Home Blood Sugar Management Creighton’s Isaac Trout wears a blood sugar monitor to continue playing.His diabetes was diagnosed at the age of 4

Creighton’s Isaac Trout wears a blood sugar monitor to continue playing.His diabetes was diagnosed at the age of 4

by ABC News
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Omaha, Nebraska — When Creighton basketball player Isaac Trout’s teammates take a break during practice, they might chat while drinking water or work on a task.

Trout does the same, but before doing so, he checks his blood sugar levels by attaching a device to his body. Depending on the content, you may need to take nutritional chews for energy. The routine is the same during halftime of the game.

“I don’t think I’ve ever seen anyone chew through a box of food faster than Isaac,” said athletic trainer Ben McNair. “He could probably knock those pucks down in 10 to 15 seconds.”

Trout was diagnosed with type 1 diabetes 16 years ago at the age of 4, but he never let that stop him from playing the sport he loves. He is scheduled to play in the Blue Jays’ NCAA Tournament opener Thursday against Akron in Pittsburgh.

The 6-foot-10, 235-pound forward grew up in Grand Island, 130 miles west of Omaha, and was a two-time all-state player and the 2022 Nebraska High School Player of the Year. He played his first college season. He redshirted at the University of Virginia and announced his transfer to Creighton last March.

Trout played in 28 of the Blue Jays’ 32 games, averaging just under 10 minutes per game and shooting 43.6 percent from 3-point range. He started the first two games of the season and hit five threes off the bench against Central Michigan, scoring a season-high 18 points.

Former NBA players Chris Dudley, Adam Morrison, and Gary Forbes, and former WNBA player Lauren Cox are among high-level basketball players who have had to manage diabetes.

Trout said many parents of recently diagnosed children have asked her to encourage their children.

“It’s important for them to know that their dreams can still be achieved,” Trout said. “They can still compete in their sport. I think that’s what a lot of them are concerned about. I just want to inspire them and show them that you can play at the highest level. ”

“It doesn’t really matter if you’re diabetic or not. It’s just more responsibility. It’s more demanding, but ultimately possible.”

Advances in technology have made it easier to manage diabetes in athletes, said Dr. Lori Ruffel, an endocrinologist and clinical researcher for children and adolescents at Harvard Medical School’s Joslin Diabetes Center.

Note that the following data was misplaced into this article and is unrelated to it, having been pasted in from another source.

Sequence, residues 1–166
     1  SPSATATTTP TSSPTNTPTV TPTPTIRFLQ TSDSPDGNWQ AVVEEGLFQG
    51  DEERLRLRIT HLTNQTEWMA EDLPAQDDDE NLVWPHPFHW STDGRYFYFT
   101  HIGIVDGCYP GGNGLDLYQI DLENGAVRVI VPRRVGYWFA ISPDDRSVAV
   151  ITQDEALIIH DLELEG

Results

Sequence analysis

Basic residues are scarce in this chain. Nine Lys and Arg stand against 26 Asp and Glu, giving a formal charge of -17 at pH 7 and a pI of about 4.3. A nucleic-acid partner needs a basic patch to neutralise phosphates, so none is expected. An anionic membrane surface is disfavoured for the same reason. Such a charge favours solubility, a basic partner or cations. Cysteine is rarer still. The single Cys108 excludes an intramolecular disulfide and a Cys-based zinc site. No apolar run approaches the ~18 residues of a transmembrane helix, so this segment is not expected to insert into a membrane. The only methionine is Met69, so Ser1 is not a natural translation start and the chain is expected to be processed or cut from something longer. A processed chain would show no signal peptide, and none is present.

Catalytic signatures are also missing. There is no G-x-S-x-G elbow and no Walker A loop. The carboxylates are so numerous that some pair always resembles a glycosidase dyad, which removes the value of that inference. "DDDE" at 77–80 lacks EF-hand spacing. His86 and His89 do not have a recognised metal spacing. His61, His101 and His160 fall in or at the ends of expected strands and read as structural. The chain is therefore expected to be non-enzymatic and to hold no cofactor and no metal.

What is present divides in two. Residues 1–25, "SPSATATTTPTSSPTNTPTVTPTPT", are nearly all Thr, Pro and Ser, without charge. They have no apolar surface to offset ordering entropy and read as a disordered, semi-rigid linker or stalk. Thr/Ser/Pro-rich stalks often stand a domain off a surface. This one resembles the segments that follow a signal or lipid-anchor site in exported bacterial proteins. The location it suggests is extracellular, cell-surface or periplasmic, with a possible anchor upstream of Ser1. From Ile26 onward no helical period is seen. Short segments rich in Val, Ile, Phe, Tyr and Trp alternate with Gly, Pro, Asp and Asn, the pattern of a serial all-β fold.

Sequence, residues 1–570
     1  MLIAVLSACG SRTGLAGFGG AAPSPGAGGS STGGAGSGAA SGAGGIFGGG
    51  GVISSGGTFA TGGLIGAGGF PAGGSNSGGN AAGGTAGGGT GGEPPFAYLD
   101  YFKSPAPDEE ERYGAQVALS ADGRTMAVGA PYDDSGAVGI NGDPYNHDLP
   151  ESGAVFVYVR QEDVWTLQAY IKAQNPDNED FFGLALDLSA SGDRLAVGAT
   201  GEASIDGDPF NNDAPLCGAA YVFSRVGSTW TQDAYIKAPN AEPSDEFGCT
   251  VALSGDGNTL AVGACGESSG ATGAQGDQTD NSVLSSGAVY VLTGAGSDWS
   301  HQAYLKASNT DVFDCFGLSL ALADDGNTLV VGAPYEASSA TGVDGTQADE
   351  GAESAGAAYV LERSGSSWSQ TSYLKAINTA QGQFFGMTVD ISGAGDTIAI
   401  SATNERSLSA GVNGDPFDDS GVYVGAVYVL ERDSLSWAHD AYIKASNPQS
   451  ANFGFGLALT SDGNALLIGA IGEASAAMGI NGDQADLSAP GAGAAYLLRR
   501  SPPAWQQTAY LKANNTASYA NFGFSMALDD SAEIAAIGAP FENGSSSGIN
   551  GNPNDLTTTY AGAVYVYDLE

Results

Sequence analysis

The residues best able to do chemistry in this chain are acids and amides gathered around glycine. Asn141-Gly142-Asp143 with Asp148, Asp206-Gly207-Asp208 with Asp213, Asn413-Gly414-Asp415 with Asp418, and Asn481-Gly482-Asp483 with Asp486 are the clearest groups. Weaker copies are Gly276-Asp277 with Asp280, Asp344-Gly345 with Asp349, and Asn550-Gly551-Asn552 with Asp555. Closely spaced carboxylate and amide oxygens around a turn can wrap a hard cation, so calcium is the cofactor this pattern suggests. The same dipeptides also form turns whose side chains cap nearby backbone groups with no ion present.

He says that in the 1950s, people diagnosed with type 1 diabetes were encouraged to engage in strenuous exercise due to the risk of hypoglycemia. Subsequent studies showed the positive effects of exercise, but athletes were forced to inconveniently prick their fingers during practices and games to check their blood sugar levels.

In recent years, athletes have been using continuous blood glucose monitors that communicate with their insulin pumps to keep blood sugar levels within target ranges. The CGM sends readings to an app on an athlete’s phone, showing their blood sugar levels at five-minute intervals and whether they are trending up or down.

Trout said she took daily insulin injections until she switched to an insulin pump at age 7. The latest insulin pump he currently uses can adjust his insulin automatically. For example, increase your insulin dose if your blood sugar levels are too high, and decrease your insulin dose if your blood sugar levels are too low. The pump and his Dexcom CGM, which he has used since he was 13 years old, are attached to his body under his uniform.

“Obviously, in my short life, it’s come a really long way,” he said. “Compared to 40 years ago, I couldn’t even imagine going through this without technology. It would be really difficult.”

He doesn’t really need CGM to know that something is wrong with his body. When your blood sugar levels are low, you feel dizzy and tired. High temperatures can make you thirsty and make your body ache.

McNair said Trout is good at predicting when he needs to raise his blood sugar levels during practice and games.

“As soon as we feel like he’s going downhill a little bit, we almost always do a chew and then it’s not that long after that he’s pretty much back on the floor,” McNair said.

Ruffel hasn’t treated Trout and doesn’t know him, but listening to him speak, he knows he’s had strong support from his family and Creighton’s medical and coaching staff. Told.

“It’s always exciting to see people living to their fullest potential, working, and thriving despite living with type 1 diabetes,” Raffel said.


AP March Madness bracket: https://apnews.com/hub/ncaa-mens-bracket and coverage: https://apnews.com/hub/march-madness

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